15 Lens: Trade Studies * Product Chosen: EF 50mm f/1.2L USM Standard & Medium Telephoto Focal Length & Maximum Aperture -50mm f/1.2 Lens Construction -8 elements in 6 groups Diagonal Angle of View -46° (with full-frame cameras) Focus Adjustment AF with full-time manual Closest Focusing Distance ft. / 0.45m Filter Size -72mm Max. Diameter x Length, Weight- 3.4 in. x 2.6 in./85.4mm x 65.5mm,19.2 oz./545g (lens only) Star Camera Lens Trade Study ModelCanon f/1.4Canon f/1.2 Price82 Weight77 Performance710 Intangables58 Average6.75 Rating From 1-10

16 Star Camera Design Camera Body *

17 Camera Body Design Section The camera body will be connected to the computer through the means of a USB 2.0 cable. The software that will facilitate the communication between the flight computer is called gphoto2 and it will give use the ability to cycle shutter speed in flight The photos that will be take will be sent to the external hardrive. The reason for choosing the Canon 7D was that it is one of the only camera that is compatible with the gphoto2 software. –This limited the cameras that we could research thus almost forcing us to choose the 7D. *

18 Camera Body: Trade Study * Product Chosen: Star Camera Body Trade Study ModelCanon 7DCanon 70D Price79 Weight77 Performance99 Intangables100 Average Rating From 1-10

19 AAS: Risk Matrix * AAS.RSK.1: Mission objectives aren't met if the Star Camera overheats. AAS.RSK.2: Mission objectives are affected if the Star Camera parameters had not been set right. AAS.RSK.3: Mission objectives aren't met if the Camera fails to communicate with the flight computer. AAS.RSK.4: Mission objectives are affected if the camera lens becomes obstructed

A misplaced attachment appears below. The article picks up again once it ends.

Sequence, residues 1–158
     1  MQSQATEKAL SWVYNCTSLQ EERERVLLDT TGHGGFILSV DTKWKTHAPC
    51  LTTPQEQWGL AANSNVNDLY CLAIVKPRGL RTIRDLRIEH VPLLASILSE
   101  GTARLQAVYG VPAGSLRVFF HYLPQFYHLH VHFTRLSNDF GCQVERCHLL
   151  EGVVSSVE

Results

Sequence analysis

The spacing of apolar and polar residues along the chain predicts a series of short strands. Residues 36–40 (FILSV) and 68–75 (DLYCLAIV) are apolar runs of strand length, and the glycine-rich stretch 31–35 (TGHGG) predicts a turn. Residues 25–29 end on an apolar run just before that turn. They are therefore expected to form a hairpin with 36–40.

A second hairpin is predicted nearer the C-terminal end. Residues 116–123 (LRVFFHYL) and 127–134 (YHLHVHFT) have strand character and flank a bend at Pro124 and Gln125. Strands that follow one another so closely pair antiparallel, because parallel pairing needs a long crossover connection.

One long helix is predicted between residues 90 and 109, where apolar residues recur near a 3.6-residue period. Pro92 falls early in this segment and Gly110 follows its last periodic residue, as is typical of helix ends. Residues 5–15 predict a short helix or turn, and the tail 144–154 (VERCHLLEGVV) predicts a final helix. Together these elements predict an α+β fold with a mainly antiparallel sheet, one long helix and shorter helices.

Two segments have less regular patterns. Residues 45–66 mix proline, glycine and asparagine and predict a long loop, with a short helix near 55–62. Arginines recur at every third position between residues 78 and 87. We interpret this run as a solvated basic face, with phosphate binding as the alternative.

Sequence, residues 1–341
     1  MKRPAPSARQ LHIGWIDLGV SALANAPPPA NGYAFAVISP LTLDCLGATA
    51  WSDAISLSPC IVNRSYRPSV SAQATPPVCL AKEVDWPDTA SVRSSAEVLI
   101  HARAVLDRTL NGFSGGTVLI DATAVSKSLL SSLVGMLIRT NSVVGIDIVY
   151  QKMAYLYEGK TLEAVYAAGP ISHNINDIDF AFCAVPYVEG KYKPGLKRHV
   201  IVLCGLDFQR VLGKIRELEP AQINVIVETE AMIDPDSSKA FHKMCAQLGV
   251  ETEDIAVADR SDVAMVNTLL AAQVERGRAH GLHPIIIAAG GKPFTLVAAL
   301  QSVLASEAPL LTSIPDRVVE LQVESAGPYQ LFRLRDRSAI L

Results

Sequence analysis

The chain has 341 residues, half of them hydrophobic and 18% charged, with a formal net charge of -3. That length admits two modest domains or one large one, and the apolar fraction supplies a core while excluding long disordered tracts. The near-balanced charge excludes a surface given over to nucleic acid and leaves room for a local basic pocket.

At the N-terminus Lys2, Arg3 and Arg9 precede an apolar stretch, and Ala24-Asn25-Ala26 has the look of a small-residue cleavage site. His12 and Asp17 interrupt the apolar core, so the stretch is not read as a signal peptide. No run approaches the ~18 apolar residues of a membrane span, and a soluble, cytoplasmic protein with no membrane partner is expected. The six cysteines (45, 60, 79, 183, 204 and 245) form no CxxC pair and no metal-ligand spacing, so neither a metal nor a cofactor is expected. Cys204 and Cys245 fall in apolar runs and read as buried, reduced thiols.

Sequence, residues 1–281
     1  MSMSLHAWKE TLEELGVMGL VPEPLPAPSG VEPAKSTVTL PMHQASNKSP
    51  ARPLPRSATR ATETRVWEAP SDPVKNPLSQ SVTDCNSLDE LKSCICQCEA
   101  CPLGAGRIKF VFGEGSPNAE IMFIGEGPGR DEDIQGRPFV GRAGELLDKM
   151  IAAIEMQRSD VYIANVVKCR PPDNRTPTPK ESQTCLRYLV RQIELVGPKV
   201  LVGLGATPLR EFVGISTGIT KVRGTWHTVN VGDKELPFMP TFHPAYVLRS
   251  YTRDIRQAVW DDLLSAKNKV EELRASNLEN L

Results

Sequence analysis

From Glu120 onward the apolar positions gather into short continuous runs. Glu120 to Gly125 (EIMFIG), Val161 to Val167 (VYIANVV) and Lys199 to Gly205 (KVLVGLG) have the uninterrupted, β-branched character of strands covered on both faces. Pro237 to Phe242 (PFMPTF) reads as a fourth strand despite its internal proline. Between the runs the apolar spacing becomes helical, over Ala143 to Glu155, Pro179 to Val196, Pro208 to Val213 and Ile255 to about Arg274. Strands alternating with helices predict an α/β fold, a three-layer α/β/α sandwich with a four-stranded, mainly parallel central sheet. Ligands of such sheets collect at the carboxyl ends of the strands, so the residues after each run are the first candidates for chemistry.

20 * Flight Computer Design

21 Flight Computer Design Section The flight computer will be responsible for the data acquisition and signal processing. It should have a good processing potential, enough I/O ports to connect all devices, compact size and be robust to different environments. The first option we consider for the flight computer was a ASUS laptop. It had all the processing potential we need and I/O ports. However, it had some disadvantages such as high price, big size, power consuming and produces too much heat. Single board computers are a very compact and cheap option that have also a great processing potential. The BeagleBoard-xM (the flight computer selected) have all the capacities we need for a very good price. It has 512 MB DDR memory, 1 GHz ARM Cortex-A8 processor, provides 4 USB ports and runs differents versions of linux. *

22 Flight Computer: Trade Studies * Show rationale for you choices in components. You basically weigh your options against your requirements and what each component can offer. Don’t forget things like: availability, cost, and prior knowledge. I recommend an online search for examples if you are unsure, or contact me. Flight Computer Trade Study ASUS LaptopRaspberry PiBeagle BoneBeagle Bone Xm Price510 8 Weight510 Performance10778 Power Requirements4888 Ease to program10787 Serial Ports95710 Low Level Peripherals0578 Size410 Average Rating From 1-10

23 Subsystem Design Section This section is where you explain how each subsystem was designed Start with your organization chart with each of your subsystems labeled Discuss how you researched components that would meet your requirements –Show trade studies if necessary, and if you show them, be prepared to explain the scoring and categories The most important part is explaining how you reached your major design decisions in each subsystem After explaining components, discuss any risks associated with this subsystem *

24 SP: Risk Matrix * SP.RSK.1: Mission objectives aren't met if the computer or the PSyncADC board overheats. SP.RSK.2: Mission objectives aren't met if the flight computer fails in communicating to the PSyncADC. SP.RSK.3: Mission objectives aren't met if the flight computer fails in processing sensor data. SP.RSK.4: Mission objectives will be affected if bad sensor data is not filtered. SP.RSK.5: Mission objectives will be affected if the hard drive gets damaged on landing.